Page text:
PubDate: 2022-08-30
      DOI: 10.1007/s10707-022-00477-y
       
  • Optimizing vessel trajectory compression for maritime situational
           awareness

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      Abstract: Abstract We present an open-source system that can optimize compressed trajectory representations for large fleets of vessels. We take into account the type of each vessel in order to choose a suitable configuration that can yield improved trajectory synopses, both in terms of approximation error and compression ratio. We employ a genetic algorithm that converges to a fine-tuned configuration per vessel type without any hyper-parameter tuning. These configurations can provide synopses that retain less than 10% of the original points with less than 20m approximation error in a real world dataset; in another dataset with 90% less samples than the previous one, the synopses retain 20% of the points and achieve less than 80m error. Additionally the level of compression can be chosen by the user, by setting the desired approximation error. Our system also supports incremental optimization by training in data batches, and therefore continuously improves performance. Furthermore, we employ a composite event recognition engine to efficiently detect complex maritime activities, such as ship-to-ship transfer and loitering; thanks to the synopses generated by the genetic algorithm instead of the raw trajectories, we make the recognition process faster while also maintaining the same level of recognition accuracy. Our extensive empirical study demonstrates the effectiveness of our system over large, real-world datasets.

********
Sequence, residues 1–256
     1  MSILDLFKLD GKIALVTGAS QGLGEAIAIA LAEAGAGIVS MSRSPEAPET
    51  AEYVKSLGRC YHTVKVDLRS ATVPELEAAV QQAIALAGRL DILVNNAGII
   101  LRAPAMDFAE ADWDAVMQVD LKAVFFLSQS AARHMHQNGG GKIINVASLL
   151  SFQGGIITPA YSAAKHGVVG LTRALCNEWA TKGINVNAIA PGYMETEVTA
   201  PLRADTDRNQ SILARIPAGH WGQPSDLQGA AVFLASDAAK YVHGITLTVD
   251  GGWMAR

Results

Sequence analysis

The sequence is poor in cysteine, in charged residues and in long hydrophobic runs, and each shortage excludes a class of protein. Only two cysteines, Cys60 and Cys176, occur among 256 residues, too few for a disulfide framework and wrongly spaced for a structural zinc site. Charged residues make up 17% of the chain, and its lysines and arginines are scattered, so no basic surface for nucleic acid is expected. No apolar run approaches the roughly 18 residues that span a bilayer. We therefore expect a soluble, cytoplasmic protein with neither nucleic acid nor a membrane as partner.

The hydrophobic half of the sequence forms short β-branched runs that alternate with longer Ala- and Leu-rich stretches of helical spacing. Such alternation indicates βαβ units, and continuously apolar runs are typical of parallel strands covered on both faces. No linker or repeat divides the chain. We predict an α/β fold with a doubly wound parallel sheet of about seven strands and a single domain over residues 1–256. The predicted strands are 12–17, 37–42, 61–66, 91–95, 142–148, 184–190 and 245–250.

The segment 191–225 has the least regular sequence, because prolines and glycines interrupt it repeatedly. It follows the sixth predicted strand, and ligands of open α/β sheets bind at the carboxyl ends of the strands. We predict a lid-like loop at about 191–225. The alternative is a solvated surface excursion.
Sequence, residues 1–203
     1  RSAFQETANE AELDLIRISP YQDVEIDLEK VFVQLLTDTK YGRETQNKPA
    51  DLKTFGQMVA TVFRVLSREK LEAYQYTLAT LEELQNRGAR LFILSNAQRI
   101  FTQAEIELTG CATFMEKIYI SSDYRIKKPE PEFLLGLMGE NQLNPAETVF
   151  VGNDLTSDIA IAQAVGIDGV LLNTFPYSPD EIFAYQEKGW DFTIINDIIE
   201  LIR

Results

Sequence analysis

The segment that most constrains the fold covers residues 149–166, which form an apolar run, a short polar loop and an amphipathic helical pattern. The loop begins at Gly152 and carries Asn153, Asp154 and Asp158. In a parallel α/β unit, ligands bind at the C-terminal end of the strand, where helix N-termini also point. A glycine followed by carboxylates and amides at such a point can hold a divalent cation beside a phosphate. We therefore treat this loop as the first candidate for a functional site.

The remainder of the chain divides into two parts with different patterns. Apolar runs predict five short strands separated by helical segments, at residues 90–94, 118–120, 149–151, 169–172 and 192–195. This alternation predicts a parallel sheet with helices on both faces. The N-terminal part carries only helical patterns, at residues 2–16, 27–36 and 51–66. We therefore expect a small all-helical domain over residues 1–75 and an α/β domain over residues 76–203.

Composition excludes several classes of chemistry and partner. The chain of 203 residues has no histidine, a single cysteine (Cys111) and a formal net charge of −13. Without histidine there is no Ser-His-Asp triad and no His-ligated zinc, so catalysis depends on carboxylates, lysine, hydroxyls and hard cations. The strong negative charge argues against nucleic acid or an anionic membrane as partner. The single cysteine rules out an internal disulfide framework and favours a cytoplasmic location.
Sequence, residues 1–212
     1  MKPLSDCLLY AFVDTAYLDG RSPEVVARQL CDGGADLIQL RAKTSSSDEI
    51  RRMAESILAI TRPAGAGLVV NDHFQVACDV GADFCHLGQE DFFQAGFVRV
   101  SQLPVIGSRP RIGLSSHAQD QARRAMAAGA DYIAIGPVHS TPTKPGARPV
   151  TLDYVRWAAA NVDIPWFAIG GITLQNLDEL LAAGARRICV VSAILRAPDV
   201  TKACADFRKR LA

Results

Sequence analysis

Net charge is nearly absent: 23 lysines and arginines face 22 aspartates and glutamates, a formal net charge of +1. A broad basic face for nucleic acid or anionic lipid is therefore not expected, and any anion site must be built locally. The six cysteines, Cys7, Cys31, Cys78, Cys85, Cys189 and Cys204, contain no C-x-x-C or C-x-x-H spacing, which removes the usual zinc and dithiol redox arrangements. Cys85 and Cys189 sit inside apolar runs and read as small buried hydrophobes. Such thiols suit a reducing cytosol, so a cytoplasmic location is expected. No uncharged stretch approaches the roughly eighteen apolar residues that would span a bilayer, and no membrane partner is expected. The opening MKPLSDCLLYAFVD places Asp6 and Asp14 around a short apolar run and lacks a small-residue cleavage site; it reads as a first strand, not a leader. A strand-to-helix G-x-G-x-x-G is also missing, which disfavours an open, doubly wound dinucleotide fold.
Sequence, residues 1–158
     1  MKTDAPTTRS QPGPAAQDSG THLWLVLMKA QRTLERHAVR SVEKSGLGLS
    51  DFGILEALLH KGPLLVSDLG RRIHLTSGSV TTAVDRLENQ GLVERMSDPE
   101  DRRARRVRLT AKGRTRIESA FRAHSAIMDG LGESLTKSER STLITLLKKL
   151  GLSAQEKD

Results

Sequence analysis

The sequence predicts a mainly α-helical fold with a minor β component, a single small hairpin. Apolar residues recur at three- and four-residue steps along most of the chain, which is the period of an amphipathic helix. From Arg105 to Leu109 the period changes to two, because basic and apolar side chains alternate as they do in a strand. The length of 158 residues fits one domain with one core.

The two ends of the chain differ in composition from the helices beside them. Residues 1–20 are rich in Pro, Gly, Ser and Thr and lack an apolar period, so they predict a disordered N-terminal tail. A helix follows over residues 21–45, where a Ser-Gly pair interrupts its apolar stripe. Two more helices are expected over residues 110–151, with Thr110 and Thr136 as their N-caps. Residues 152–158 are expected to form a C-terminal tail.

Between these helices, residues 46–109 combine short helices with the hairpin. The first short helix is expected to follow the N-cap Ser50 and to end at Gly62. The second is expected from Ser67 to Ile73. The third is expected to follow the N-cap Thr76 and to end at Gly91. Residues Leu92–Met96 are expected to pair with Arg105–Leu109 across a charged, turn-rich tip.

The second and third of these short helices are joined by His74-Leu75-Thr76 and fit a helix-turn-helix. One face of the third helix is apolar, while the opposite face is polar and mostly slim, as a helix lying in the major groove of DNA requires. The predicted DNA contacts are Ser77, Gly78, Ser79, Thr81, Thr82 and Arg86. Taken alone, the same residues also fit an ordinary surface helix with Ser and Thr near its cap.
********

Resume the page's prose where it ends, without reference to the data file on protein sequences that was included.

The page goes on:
PubDate: 2022-08-29
      DOI: 10.1007/s10707-022-00475-0
       
  • Terrain trees: a framework for representing, analyzing and visualizing
           triangulated terrains